If you’re looking for a special holiday gift for that certain someone who has everything, may I suggest today’s Nice Price or No Dice Miyagata Hearse? This privately-imported coffin-carrier might make for the perfect secret Santa gift, that is if the price is right.
A few of you saw the makings of a hearse in yesterday’s custom 1966 Mustang wagon. Or maybe you were just projecting that project car’s ultimate fate? At any rate, $12,900 was seemingly too much for so projected a project and the Mustang was put down with an 81 percent No Dice loss.
Hey, are you awake? Many Americans are just now shaking off the Tryptophan food coma that results from the annual gorge-fest fest known as Thanksgiving. What a wonderful opportunity to gather with loved ones and learn what awful opinions they all have. In their defense, you did promise not to bring up Elon Musk at the table, you know.
Now that we’re through that mess, however, it’s time to tackle yet another hurdle. This being the day after Thanksgiving means that it’s (camera zooms in) Black Friday! For most people, Black Friday connotes mad deals on unnecessary consumer goods fought over at superspreader sales events. For others, however, Black Friday implies (camera zooming intensifies) death. Don’t ask me how I know this.
For those of us who prefer morbidity to midnight mall outings, may I present this 1991 Toyota Crown Dragon Hearse? I mean, who wouldn’t want to travel to their final resting place (mine is hopefully an urn on the fireplace mantle in Salma Hayek’s bedroom) in so ornate a chariot as this?
The Miyagata, or shrine-shape hearse, is a type of Reikyusha, the purpose of which is to transport the dearly departed from the mortuary to the crematorium. Underneath is a typical hearse, with a coffin slide and lock-downs inside, but around that is built a gilded cap resembling a Shinto shrine. In Japan, the level of the hearse’s ornamentation is generally regional, with some areas preferring more subdued styles and others liking to go all-in on going out.
This one looks to be one of the latter and is built on a Toyota Crown Super Deluxe wagon base. That keeps the car’s original rear doors below the greenhouse and all of its front clip, with the result looking a bit like a Vegas elf’s RV.
This generation of Crown was powered by a 2.5 liter 1G-FE DOHC straight-six with 177 horsepower and more importantly, 173 lb-ft of torque. Implying stately composure, the car is equipped with a four-speed automatic sending those ponies to the back wheels. As evidenced by the pictures in the ad, the Crown’s suspension seems to be struggling at the task of supporting the Reikyusha structure on the back. I can’t imagine what happens when you add an occupied casket to the mix.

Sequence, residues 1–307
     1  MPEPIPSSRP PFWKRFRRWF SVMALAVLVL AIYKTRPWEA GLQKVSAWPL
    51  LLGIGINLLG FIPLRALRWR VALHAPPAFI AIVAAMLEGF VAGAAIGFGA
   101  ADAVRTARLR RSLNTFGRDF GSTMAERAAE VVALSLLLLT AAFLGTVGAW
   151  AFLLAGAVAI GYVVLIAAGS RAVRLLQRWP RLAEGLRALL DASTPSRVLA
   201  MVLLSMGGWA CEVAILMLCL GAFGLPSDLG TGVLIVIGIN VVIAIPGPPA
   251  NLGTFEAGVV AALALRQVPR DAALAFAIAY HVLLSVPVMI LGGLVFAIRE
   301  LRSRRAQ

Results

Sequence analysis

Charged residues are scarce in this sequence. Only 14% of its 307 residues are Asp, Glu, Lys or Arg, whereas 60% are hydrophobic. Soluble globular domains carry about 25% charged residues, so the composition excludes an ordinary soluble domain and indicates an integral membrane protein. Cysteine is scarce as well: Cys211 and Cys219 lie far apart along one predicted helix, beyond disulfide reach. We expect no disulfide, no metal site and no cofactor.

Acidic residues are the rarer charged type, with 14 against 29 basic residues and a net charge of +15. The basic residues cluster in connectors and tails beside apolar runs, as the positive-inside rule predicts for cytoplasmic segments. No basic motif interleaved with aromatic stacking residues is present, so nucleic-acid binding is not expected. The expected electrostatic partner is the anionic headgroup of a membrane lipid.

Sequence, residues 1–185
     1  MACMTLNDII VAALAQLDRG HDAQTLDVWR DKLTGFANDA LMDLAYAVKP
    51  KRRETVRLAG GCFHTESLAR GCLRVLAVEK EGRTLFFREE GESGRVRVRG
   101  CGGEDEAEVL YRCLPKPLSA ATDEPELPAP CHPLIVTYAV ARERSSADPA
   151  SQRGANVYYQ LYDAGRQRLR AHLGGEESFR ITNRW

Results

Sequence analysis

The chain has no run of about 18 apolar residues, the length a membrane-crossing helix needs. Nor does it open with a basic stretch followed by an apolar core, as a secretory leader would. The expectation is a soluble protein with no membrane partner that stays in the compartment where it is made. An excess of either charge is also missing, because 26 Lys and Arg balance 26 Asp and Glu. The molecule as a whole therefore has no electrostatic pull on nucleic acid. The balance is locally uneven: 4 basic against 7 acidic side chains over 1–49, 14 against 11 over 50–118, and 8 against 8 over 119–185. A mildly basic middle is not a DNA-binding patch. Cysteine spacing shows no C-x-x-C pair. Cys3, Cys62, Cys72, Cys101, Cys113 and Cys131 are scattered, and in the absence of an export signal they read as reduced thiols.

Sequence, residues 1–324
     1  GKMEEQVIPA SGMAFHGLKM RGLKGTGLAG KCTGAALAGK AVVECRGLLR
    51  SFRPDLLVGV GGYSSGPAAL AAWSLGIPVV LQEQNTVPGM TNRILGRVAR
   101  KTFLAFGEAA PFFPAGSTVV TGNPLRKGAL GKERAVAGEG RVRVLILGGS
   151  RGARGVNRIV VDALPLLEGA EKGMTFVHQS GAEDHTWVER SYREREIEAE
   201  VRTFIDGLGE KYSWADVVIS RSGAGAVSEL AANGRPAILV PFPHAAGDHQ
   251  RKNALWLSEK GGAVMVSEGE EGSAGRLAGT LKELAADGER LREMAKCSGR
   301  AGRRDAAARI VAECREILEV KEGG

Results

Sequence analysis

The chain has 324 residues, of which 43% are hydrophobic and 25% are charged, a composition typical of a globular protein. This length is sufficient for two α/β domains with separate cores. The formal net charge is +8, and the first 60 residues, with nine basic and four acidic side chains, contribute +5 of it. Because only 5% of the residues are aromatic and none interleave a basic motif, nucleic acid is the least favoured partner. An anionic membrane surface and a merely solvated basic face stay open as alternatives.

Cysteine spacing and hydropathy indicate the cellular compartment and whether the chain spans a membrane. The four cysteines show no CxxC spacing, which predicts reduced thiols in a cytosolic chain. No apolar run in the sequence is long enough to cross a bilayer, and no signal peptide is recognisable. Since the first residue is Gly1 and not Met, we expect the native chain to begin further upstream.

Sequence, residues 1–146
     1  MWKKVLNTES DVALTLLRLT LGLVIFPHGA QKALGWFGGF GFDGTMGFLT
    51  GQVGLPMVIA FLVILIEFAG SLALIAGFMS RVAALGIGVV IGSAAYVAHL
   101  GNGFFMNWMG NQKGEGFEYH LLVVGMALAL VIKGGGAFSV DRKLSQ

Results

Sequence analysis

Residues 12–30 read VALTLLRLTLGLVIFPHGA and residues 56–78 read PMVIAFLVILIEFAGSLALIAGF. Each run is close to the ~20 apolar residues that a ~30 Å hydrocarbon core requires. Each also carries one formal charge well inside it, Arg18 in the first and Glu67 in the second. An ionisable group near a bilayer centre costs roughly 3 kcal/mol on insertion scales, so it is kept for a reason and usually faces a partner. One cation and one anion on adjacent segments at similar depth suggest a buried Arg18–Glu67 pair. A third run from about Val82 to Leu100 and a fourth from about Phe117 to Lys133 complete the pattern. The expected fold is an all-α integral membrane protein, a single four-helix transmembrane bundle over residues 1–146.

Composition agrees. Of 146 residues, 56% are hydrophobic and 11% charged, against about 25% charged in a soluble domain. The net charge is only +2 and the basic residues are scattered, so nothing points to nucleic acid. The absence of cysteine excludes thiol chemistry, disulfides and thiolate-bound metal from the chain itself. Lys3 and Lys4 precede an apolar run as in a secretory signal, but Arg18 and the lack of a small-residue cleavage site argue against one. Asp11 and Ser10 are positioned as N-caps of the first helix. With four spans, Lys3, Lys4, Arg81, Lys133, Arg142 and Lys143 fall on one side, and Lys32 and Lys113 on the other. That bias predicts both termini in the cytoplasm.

Separate from the hearse part, the condition of which is difficult to gauge from the pictures, the car looks to be in decent shape. The ad notes a “ slightly tweaked” rear bumper and some scratches in the paint along one side. A new battery and brake bleed seem to be the extent of the recent maintenance, but with just 54,282 miles on the clock and it being a Toyota, you might not expect it to need much else.
Obviously, this is a privately imported vehicle, and as such there are certain caveats to its ownership. A funny one is that the importer is located in California, but notes emphatically in the ad that the car cannot be registered in California, and hence cannot be sold to a California resident unless they plan to keep the car out of state. That being said, the seller also notes that California sales tax will apply if the delivery of the car is in California. Why does life have to be so complicated?
As the seller is an importer — literally named Vans From Japan — they seemingly have taken care of most of the import paperwork, duties, and whatnot. And, as long as you’re not in one of those states like Maine that is rescinding registration on private imports willy-nilly, then you should do just fine with getting this Crown on the road with little problem. Plus, should you be buying this for your own use, you likely won’t care since you’ll be dead. Let the kids deal with the hassle!
Ok, so we’ve figured out what this is, and most of us have determined that we must have it right now since we’re in a Black Friday shopping frenzy, so let’s see if it’s affordable.
The asking price is $9,000 and while that’s not Chucky Cheese “here’s a few bucks, go and play, kids” kind of money, it’s not crazypants expensive either, right? What do you think, is $9,000 a fair deal for a car with such sarcophagusto? Or, does that price mean it’s dead to you?
H/T to Brandon Baxley for the hookup!
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